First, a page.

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Niki: But I also know that if he doesn't stop using his phone all the time and doing this, you know now they do.
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Niki: i'm talking to you as if you're old but you're very, very young, anyway, the new thing you know is these new things quote unquote his voice messages like you never talk on the phone to someone.
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Niki: You just give them messages.
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Niki: And it's like kind of weird because you're not writing.
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Niki: And you're not talking and interacting there's no dialogue you're just talking message and the message anyway.
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Niki: We figured out that when we tell her not to do it, he does it anyway he's cages phone in places and then he pretends he needs to go to those places so in the bathroom in the kitchen, even in places where we'd be happy if you were like where we fold our laundry.
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Niki: He put he could put the phone there it's like oh she's there to fold the laundry what a nice guy, but in fact he's not folding the laundry he's actually doing these messages anyway.
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Niki: I realized that my husband would get really angry and I would get also upset that he was doing that and not going to bed earlier not doing something that we think is constructive like reading a book.
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Niki: And I realized that I talked to him about it but talking to him about it is like when I try to explain things to my students sometimes he my son things I just don't understand.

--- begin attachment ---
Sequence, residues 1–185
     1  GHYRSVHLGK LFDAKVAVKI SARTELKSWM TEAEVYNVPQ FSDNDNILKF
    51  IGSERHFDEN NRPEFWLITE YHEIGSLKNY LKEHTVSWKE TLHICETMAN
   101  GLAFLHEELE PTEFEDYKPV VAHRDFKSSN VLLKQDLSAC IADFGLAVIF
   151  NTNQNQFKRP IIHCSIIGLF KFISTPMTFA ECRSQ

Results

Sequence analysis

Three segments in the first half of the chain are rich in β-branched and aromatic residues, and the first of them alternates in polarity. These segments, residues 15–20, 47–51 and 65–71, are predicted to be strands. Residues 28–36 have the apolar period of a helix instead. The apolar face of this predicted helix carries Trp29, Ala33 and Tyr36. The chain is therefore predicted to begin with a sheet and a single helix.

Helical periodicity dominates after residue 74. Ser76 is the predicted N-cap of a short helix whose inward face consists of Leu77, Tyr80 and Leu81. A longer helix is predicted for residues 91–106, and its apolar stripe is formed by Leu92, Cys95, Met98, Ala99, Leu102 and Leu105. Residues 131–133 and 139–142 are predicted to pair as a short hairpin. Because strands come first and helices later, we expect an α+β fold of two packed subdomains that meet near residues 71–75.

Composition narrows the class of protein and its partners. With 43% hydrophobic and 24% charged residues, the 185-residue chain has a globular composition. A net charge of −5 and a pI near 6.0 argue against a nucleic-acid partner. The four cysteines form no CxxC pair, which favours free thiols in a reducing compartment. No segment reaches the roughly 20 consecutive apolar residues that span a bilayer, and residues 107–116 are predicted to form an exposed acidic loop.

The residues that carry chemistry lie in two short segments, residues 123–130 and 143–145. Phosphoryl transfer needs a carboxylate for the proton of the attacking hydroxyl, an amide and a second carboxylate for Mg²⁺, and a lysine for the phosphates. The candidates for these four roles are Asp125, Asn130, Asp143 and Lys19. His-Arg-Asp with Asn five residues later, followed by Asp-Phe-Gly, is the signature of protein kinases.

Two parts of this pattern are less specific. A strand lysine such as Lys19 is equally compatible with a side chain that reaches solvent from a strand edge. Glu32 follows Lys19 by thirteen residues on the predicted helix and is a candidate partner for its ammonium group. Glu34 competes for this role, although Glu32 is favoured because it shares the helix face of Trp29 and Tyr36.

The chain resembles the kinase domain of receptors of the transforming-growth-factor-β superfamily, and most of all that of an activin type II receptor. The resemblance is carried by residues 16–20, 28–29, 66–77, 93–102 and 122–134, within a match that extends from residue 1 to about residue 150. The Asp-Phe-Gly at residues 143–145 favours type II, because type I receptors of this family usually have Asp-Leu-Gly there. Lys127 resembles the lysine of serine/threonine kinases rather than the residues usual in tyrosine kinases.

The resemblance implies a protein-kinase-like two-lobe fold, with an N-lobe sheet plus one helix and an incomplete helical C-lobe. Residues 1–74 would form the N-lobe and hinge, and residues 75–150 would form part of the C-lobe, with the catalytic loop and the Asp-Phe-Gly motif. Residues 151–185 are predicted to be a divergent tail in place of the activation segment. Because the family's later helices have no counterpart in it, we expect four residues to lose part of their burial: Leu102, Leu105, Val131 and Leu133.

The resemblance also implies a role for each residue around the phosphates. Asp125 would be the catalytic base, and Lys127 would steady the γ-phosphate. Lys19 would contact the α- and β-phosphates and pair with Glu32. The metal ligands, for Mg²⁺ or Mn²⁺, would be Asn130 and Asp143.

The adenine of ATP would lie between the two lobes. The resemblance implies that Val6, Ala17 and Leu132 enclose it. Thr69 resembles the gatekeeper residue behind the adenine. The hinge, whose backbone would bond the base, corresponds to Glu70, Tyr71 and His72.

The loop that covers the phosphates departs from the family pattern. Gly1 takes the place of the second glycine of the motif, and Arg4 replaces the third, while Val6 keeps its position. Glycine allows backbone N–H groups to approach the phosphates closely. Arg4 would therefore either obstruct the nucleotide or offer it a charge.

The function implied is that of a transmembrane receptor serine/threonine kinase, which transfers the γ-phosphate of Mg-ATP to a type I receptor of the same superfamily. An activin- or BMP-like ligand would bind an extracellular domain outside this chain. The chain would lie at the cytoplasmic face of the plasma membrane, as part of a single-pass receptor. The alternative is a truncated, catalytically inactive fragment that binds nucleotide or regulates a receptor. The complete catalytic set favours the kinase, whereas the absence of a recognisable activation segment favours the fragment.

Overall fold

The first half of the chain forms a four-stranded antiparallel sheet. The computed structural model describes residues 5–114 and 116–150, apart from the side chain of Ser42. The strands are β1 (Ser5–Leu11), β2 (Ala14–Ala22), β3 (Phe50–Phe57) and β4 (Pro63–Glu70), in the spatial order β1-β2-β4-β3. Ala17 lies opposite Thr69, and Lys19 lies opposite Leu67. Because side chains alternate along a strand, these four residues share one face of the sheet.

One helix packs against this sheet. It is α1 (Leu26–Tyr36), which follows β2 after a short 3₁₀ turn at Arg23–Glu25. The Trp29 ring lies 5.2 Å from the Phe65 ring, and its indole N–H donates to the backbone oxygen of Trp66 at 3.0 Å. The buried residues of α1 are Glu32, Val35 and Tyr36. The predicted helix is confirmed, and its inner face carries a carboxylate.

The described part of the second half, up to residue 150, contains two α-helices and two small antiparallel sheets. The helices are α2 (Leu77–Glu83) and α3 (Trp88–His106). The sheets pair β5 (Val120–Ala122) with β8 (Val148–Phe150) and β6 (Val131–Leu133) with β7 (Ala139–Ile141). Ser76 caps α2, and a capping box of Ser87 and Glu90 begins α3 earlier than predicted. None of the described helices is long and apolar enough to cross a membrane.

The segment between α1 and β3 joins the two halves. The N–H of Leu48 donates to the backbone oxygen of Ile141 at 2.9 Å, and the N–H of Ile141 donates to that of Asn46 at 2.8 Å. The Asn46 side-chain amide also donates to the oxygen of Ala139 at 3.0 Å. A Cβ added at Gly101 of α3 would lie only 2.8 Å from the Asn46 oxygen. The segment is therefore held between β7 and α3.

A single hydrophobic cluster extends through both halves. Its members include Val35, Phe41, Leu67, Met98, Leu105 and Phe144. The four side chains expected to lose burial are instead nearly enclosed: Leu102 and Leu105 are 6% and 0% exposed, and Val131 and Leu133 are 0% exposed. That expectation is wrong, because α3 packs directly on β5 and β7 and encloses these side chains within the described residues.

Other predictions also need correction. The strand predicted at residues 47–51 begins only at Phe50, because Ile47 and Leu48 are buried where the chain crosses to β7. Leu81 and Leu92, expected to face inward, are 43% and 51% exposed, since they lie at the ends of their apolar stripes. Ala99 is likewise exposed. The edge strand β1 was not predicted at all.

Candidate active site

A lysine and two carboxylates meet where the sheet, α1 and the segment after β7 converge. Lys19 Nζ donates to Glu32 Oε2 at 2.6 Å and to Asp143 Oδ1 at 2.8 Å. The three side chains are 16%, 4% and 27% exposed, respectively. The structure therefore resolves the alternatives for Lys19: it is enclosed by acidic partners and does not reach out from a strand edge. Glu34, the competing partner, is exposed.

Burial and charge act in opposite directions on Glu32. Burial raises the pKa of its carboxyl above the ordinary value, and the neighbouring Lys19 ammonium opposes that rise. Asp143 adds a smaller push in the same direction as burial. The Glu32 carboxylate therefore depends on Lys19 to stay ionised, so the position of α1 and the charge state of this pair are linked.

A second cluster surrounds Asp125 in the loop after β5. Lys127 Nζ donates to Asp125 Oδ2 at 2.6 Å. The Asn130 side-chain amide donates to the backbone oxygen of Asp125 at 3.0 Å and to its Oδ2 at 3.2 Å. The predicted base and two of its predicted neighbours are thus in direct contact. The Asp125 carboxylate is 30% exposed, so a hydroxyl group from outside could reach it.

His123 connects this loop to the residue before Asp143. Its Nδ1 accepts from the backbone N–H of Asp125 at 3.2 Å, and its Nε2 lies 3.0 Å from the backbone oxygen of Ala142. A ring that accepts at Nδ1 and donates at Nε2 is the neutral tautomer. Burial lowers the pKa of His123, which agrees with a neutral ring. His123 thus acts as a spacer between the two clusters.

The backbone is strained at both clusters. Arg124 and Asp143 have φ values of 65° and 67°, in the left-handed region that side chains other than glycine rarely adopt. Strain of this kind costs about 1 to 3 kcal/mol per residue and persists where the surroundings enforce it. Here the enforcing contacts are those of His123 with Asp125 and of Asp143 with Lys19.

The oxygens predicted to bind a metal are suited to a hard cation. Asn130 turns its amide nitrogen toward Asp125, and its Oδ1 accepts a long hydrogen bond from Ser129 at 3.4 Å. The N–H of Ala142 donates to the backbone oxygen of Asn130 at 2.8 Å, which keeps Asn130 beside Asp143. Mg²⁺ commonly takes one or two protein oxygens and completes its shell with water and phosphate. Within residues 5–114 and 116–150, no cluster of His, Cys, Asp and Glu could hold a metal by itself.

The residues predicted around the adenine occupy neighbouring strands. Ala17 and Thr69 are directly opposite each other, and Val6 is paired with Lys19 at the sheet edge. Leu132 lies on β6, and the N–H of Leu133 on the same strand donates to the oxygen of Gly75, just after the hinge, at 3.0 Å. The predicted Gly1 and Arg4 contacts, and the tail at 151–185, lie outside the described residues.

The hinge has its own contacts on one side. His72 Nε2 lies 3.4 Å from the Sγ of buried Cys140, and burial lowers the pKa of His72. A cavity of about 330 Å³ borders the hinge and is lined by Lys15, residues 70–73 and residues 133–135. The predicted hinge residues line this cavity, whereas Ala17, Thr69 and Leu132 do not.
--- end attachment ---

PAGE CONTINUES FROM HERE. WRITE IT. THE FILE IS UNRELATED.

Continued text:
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Niki: i'm probably didn't have friends.
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Niki: I probably wasn't a teenager I probably never was in love with a boy or I never you know, whatever he thinks that i'm just this old person that was always old and that's a human thing.
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Niki: yeah you're laughing because you know it's not true, but we don't imagine that either about our professors, or about.
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Julie Pabion: Our posture i'm laughing because I was thinking, the same, and I was always having a hard time imagining my my parents being.
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Julie Pabion: kids you know.
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Niki: exactly right you thought like they couldn't have been teenagers, they could have been done something silly like drink too much or whatever.
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Julie Pabion: No, did you have a life, before I arrived.
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Niki: You arrived right and then, when you arrived.
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Niki: All the did was were parents.
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Niki: They didn't have other desires motivations, yes, you realize that with time there's nothing that, aside from time that can help you become aware of that.
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Niki: And that's one of the things when your parents, you are keep on thinking oh okay in 15 years, I understand, but of course 15 you know that's not what it's the same thing as teaching I know.